Edition: Dec 2014 - Feb 2015


Partnership at work

By government and private sector respectively doing what they’re good at doing, a new opportunity for retirement funds is presented.

Now that National Treasury has transferred management responsibility for the R9bn Jobs Fund from the Development Bank (DBSA) to a newly-established Government Technical Advisory Centre (GTAC) under the respected Andrew Donaldson, accelerated progress is in the offing. So too is the potential for a model partnership between the public and private sectors, significantly for retirement funds.

The invigorating prospect arises from acceptance by the GTAC of the Atlantic Asset Management (AAM) proposal to launch a fund whose investments will be backed by a government guarantee. This will protect retirement funds from downside risk. It will necessarily encourage them to broaden their dyed-in-the-wool investment paradigm from listed equities to the unlisted sector, spurred by revisions to Regulation 28, and fulfil essential social objectives into the bargain.

By investing in well-established intermediaries, Atlantic is able to channel support for smaller to medium-sized enterprises. Generally, they're more prolific job creators than retrenchment-prone corporates.

Jackson . . . social worker’s heart,
banker's mind

Add the backing of government guarantees to the sifting of investable projects by a skilled operator and the package must be worth at least the serious consideration of trustees. This addendum to privateequity and private-debt attractions begs comparison with the relative volatility of the listed environment, and stimulates portfolio diversification too.

GTAC has been established as an advisory and project-management agency of National Treasury. It incorporates the Public Private Partnership (PPP) Unit and the Technical Assistance Unit.

The first phases of the Jobs Fund, created three years ago, approved 91 projects for R4,96bn in grant funding for some 160 000 new jobs (approx R30 000 per job). This came at a cost to the taxpayer through the DBSA disbursement of grants.

The third phase, now launched, is different. It sees, as National Treasury puts it, "a shift towards partnerships with larger intermediaries to enable the Jobs Fund to scale up its activities". Importantly, it embraces not only the disbursement of grants on a 1:1 matching ratio with the private sector but also government using the strength of its balance sheet to leverage a multiplier considerably higher.

Total size of the national savings pool – inclusive of retirement funds, unit trusts and life funds – is around R6 trillion. Having created a vehicle to marshal and manage the prospective private-sector involvement, Heather Jackson of Atlantic points out: "Even a small allocation to high-impact investments, which do not compromise these funds’ financial performance, would make a big difference. Our network and sizeable pipeline suggest that there are commercially-driven, innovative entrepreneurial solutions to many of our social challenges in housing, transport, education, health, renewable resources and the like."

Jackson refers to a "huge" universe for funding investments, pointing to a 60/40 split between the listed and unlisted space. The AAM fund, which will be closed, is looking initially to raise R680m from institutional investors. The amount has to be limited by the extension of government guarantees.

If the exercise is a success, it could be expanded hopefully with the finite government guarantees being topped up. Present target is for more than 9 000 new jobs over the next four years. Should it be achieved, it will be more cost-effective than past efforts through other government agencies.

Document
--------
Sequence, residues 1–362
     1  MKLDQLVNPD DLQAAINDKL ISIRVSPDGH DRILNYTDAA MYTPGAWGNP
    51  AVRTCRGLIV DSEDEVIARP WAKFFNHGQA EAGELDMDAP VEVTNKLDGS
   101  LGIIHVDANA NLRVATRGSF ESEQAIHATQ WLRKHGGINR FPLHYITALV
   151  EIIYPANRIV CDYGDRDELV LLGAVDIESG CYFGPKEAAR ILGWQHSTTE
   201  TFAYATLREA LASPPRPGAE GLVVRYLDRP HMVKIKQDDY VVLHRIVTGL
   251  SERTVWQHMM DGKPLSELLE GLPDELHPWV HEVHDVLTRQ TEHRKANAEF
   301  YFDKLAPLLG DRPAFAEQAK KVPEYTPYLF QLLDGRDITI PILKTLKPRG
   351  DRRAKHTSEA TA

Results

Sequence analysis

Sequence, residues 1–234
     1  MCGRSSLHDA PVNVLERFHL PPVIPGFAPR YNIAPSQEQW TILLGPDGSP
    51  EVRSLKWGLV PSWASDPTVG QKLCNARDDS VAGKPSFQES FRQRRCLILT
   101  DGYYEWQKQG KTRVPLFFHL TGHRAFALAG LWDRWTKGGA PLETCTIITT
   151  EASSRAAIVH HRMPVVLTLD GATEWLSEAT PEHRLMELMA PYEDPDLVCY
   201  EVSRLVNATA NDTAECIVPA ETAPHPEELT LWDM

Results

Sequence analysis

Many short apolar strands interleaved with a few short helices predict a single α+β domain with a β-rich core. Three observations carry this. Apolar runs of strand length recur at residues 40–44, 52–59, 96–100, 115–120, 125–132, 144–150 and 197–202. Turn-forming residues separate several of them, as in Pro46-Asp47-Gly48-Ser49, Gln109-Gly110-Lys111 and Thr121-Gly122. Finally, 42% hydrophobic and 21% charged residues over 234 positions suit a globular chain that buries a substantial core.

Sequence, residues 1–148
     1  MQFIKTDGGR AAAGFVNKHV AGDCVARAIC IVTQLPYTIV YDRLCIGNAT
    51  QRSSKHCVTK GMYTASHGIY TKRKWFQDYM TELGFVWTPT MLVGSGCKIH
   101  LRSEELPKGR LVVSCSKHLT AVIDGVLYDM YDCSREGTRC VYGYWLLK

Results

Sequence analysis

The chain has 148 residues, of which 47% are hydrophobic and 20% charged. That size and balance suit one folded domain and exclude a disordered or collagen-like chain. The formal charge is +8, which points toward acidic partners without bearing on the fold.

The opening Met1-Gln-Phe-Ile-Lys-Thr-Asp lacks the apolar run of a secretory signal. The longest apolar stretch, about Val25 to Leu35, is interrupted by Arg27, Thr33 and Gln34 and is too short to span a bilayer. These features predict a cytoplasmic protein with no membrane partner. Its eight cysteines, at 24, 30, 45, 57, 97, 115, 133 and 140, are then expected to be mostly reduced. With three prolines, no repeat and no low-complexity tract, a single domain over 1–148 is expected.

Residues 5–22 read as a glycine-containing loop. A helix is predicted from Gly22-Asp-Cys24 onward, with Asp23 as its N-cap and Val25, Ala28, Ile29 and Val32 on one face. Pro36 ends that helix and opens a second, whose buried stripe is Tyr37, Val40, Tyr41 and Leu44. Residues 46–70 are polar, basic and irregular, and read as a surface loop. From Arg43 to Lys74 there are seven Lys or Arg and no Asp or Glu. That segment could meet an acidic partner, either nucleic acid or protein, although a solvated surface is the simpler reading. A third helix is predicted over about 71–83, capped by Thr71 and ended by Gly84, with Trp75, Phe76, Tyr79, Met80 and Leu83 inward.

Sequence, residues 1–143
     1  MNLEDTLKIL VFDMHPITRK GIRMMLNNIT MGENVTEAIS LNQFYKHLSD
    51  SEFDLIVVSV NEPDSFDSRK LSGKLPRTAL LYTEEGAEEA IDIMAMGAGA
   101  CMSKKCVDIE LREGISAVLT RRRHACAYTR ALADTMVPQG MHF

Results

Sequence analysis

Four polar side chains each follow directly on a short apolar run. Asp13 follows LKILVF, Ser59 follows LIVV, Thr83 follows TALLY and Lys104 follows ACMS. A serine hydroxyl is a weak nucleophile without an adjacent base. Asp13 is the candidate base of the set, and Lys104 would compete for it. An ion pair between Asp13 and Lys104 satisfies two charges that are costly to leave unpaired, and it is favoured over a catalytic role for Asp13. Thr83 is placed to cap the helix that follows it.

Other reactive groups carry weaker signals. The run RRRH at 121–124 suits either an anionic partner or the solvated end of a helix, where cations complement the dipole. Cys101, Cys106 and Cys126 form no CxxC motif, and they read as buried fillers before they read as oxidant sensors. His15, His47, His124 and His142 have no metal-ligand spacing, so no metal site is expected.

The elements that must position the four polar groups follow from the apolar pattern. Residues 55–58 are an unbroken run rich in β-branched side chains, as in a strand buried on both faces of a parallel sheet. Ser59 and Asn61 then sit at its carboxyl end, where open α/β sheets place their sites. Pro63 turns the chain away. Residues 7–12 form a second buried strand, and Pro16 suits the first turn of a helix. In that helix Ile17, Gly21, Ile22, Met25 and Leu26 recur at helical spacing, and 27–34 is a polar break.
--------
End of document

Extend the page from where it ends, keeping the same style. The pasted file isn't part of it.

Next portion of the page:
In essence, the AAM fund will provide expansion capital to existing businesses that are entrepreneurial, innovative and have capacity to create jobs. Many such businesses have struggled to raise bank finance, especially with banks’ restrictive capital requirements looming under Basel III.

The fund will confine itself to investment-grade companies rigorously checked for their corporate governance. This is intended to ensure that the probability of default is extremely low. But in the event of default, the government guarantee will kick in. The term of the guarantee is seven years. However, the facility exists in perpetuity so could be rolled.

For investors, AAM as fund manager will decide where the money goes. It will make loans on behalf of clients to the applicant companies selected. Impact measurements will be submitted to National Treasury.

Atlantic will originate the respective debts, conduct the due diligences and monitor the debtors’ performance on explicit indicators. Loan agreements set out strict terms and covenants, including interestcoverage ratios. Debtor companies are required to provide their management accounts monthly. Where there’s a need for corrective action, it can be identified and taken quickly. Further to reduce risk, capital repayments are made during the course of the loan.

"We've invested heavily to build systems for continuous monitoring," says Jackson. "By using our credit expertise to identify good investments – and we have our fingers on the pulse of many unlisted companies – we foresee a genuine opportunity for investors to generate alpha."

The Jobs Fund guarantee will cover 50% of any portfolio losses on a first-loss basis whilst not compromising on investment merits. In prospect is a predictable yield of inflation plus 4% after fees. Returns are linked to prime, in a modestly-rising interest-rate cycle, targeting a fixed spread of prime plus 1%.

"Our intention is to get to the end of the seven years without having touched the guarantees," says Jackson. "The challenge is not in finding the pipeline, for it’s worth billions, but in convincing those with conventional investment mindsets that they should access it."